Scientists involved in an international effort to sequence the entire genome of Arabidopsis thaliana have reported the first complete DNA sequence of a plant chromosome in the December 16, 1999, issue of the journal Nature. The results provide new information about chromosome structure, evolution, intracellular signaling and disease resistance in plants. The research conducted by U.S. participants was funded in large part by the National Science Foundation (NSF). U.S. and European scientists in the Nature article report the complete DNA sequence of two of the five chromosomes of Arabidopsis. Scientists hope to use this information to understand the function of genes in important plant processes. These studies may ultimately lead to the development of plants that are more nutritious, produce useful chemicals, withstand flood and drought, or can grow on marginal lands. Arabidopsis thaliana has emerged as a powerful tool for research in plant molecular biology and genetics. The short generation time and relatively compact genome of Arabidopsis make it an ideal model system for understanding numerous features of plant biology, including ones that are of significant value to agriculture, energy, environment, and health. Working together, a U.S. consortium led by Cold Spring Harbor Laboratory scientist Richard McCombie, and the European Union Arabidopsis Genome Sequencing Consortium led by Michael Bevan of the John Innes Centre (Norwich, UK), completed the sequence of chromosome 4. A team of scientists at The Institute for Genomic Research in Rockville, Maryland, determined the sequence of chromosome 2. Together, these chromosomes comprise roughly one-third of the Arabidopsis genome.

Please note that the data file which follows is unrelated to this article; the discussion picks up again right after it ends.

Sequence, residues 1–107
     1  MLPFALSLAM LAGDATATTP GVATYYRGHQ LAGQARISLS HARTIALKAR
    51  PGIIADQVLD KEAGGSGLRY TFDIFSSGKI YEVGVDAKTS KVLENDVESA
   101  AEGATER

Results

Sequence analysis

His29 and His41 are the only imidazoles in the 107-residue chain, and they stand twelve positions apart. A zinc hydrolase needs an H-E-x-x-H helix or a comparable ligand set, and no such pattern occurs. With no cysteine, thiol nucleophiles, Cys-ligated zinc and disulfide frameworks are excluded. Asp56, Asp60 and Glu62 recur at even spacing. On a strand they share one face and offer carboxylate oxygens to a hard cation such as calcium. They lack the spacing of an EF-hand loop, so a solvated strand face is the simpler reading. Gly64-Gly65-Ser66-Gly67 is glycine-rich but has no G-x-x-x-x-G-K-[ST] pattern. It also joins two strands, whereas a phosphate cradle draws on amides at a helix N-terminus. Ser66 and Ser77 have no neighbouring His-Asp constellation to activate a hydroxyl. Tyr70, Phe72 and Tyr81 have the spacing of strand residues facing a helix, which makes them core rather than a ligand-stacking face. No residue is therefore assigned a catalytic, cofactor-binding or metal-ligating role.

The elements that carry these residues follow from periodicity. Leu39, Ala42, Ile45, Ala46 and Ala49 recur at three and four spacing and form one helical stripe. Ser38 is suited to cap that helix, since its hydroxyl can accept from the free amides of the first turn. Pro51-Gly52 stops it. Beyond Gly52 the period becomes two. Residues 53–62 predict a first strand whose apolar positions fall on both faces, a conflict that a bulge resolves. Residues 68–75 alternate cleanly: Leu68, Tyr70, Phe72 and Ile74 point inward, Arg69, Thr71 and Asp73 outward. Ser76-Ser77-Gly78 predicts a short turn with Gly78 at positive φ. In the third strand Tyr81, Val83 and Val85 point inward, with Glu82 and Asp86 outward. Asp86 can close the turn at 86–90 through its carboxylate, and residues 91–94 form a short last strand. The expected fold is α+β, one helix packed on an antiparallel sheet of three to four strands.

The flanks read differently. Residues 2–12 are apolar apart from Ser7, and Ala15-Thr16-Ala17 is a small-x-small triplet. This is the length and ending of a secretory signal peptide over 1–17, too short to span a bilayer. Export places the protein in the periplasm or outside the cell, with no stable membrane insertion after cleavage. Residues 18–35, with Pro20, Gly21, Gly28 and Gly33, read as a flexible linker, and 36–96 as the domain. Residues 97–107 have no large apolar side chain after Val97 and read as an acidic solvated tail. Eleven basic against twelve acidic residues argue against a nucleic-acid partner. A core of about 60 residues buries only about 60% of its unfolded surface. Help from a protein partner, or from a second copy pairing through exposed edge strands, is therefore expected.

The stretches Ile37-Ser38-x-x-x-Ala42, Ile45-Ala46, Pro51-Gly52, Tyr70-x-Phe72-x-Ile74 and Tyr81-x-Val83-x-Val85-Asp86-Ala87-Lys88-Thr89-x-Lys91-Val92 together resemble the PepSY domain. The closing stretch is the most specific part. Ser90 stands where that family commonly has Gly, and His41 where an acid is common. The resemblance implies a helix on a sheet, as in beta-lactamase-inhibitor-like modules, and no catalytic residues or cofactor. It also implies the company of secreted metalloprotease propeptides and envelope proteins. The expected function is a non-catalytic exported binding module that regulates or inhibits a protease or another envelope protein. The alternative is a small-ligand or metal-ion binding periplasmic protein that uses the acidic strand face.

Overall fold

The NSF-funded genome research project to map Arabidopsis will yield important information about how flowering plants interact with their environments. This is a close-up of Arabidopsis cells.
Martin Yanofsky/University of California at San Diego

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Comparative Discussion: Analysis of significant changes from FY 1999 to FY 2000 incorporates an increase in Fund Balance With Treasury; Intragovernmental Accounts Receivable; Accounts Receivable; General Property, Plant and Equipment; Other Intragovernmental Liabilities; Lease Liabilities; and a reduction in Cash. The increase in FY 2000 Fund Balance with Treasury was in correlation to the overall increase in budget authority. The FY 2000 Intragovernmental Accounts Receivable increase stems from an amount due on an interagency agreement on a NSF funded award. Cash decreased due to a reduction in the Trust Fund balance maintained. FY 2000 Accounts Receivable increased due to the recording of a receivable from a NSF grantee. General Property, Plant and Equipment increased in FY 2000 mainly through additions to construction in progress related to polar program operations and a new phone system at NSF Headquarters in Arlington. The increase in Intragovernmental Liabilities was primarily due to an interagency On-line Payment and Collection (OPAC) liability. Lease Liabilities rose from the capitalization and liability recognition of several new leasing arrangements in FY 2000.

Statement of Net Cost: This statement presents the annual cost of operating NSF programs.